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Retailers are subject to the same supplement restrictions as brands—particularly about making health claims. Read CRN CEO Steve Mister’s insights.

Douglas Brown, Senior Retail Reporter

February 20, 2024

3 Min Read
Council for Responsible Nutrition is a leading supplement industry trade association

Looking for a drug to help with weight loss? A doctor’s prescription and a pharmacy visit will lead to options. Another route to support weight management—natural and organic dietary supplements—invites people to skip the physician, pharmacy and insurance co-pays altogether. Instead, shoppers snag what they want from a store shelf.

The first path, pharmaceuticals, is governed by extensive regulations and closely monitored by the Food and Drug Administration. Supplements, which the FDA considers a kind of food (rather than a drug or food additive), are subject to less oversight. But the FDA does fix regulatory scrutiny upon the supplements industry as well, thanks to the Dietary Supplement Health and Education Act of 1994 (DSHEA). It’s important that retailers understand DSHEA’s past, present and future to stay compliant with the regulations and aware of any potential changes that may come down the pike.

Over the years, the natural and organic dietary supplement industry has largely supported DSHEA. But as the market has expanded and evolved dramatically, and as e-commerce has introduced fresh challenges, many leaders are keen for a DSHEA refresh, or DSHEA 2.0. However, not all stakeholders agree how revised regulations might best serve consumers and the industry.

Related:On demand: Natural Food Merchandiser’s Dietary Supplements 101

We chatted with Steve Mister, president and CEO of the Council for Responsible Nutrition, a leading industry trade association, about DSHEA’S parameters, the challenges facing it today and the potential solutions that CRN would like to see implemented.

Steve Mister, president and CEO, Council for Responsible Nutrition

How can retailers ensure that they are complying with DSHEA?

Steve Mister: Retailers need to make sure they are not making disease claims for products in the store, just like brands can’t make them on labels. Retailers need to abide by the same requirements that the brands do with labeling. You simply do not make disease claims.

Does this apply just to staff talking with shoppers in the supplement aisles? What about on retailers’ e-commerce sites?

SM: DSHEA was written before the internet, so it’s almost quaint. If you have studies that support health claims, and you have scientific research, the law talks about physical distance between the product and the study. Pre-internet, you go to the store and there might be a reading area detailing the benefits of ashwagandha. But [it] could not be within physical proximity of ashwagandha products. That worked then, but what happens if you are selling ashwagandha on a website? How does proximity figure into that? So maybe you can have a study up on a separate page—why shouldn’t you be able to have those on your website? It’s not just Amazon—it’s small stores with an online presence.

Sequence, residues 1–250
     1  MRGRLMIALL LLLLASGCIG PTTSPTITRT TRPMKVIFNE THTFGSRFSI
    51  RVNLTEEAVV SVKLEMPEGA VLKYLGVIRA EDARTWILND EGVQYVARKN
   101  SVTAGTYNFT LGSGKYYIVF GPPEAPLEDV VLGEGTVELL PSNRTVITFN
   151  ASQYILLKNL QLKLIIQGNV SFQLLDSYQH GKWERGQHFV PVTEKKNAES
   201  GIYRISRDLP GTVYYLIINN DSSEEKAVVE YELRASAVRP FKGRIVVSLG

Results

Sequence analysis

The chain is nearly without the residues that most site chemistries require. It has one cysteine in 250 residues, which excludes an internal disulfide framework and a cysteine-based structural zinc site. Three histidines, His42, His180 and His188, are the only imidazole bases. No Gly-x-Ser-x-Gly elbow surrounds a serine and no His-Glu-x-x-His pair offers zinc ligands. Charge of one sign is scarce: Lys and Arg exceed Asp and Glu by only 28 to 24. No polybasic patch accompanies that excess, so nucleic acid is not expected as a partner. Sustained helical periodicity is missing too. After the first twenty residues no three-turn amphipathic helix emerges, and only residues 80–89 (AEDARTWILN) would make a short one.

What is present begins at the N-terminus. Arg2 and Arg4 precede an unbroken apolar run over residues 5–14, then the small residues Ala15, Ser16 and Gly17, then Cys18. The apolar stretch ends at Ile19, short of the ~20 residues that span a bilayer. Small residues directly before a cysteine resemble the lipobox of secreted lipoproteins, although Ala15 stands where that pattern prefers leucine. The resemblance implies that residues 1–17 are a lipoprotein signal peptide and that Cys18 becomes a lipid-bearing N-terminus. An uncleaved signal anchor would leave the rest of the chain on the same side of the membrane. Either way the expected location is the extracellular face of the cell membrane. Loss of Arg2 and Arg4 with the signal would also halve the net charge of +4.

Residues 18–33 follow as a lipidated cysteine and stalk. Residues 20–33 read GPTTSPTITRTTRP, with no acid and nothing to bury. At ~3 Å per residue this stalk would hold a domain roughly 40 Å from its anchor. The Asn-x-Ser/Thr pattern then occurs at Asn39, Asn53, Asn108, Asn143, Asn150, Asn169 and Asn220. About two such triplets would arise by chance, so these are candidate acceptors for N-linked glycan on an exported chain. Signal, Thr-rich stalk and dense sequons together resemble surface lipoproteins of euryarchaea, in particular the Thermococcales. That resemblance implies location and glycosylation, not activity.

A principal goal of CRN’s DSHEA revision efforts is to address the drug preclusions issue. Could you explain what that is and why it’s important?

SM: Drug preclusion says if an article is already being sold as a drug, it can’t be sold as a supplement. It was created for a good reason: to provide consumers with access to products while ensuring companies are not selling them prescription drugs under the guise of supplements. But over the last 30 years, that balance has gone too far toward pharma. They’re saying because there was a study on an ingredient 20 years ago, you can’t use it in supplements.

Can you talk about “audit tourism”?

SM: Retailers should know if a manufacturer is good manufacturing practices (GMP) certified, but not every retailer should tell every vendor on the shelf that my auditor has to come visit you before we carry the product. This is happening. We call it “audit tourism,” a constant flow of auditors going through these supplement facilities. We are working with the Global Retailer and Manufacturing Alliance, which has developed standardized auditing schemes for GMP. Maybe you do it once a year. If you are putting products on the shelf that people will put in their bodies, you should make sure [they are] safe and made in a clean facility. But there are ways to do that without breaking the bank.

About the Author(s)

Douglas Brown

Senior Retail Reporter, New Hope Network

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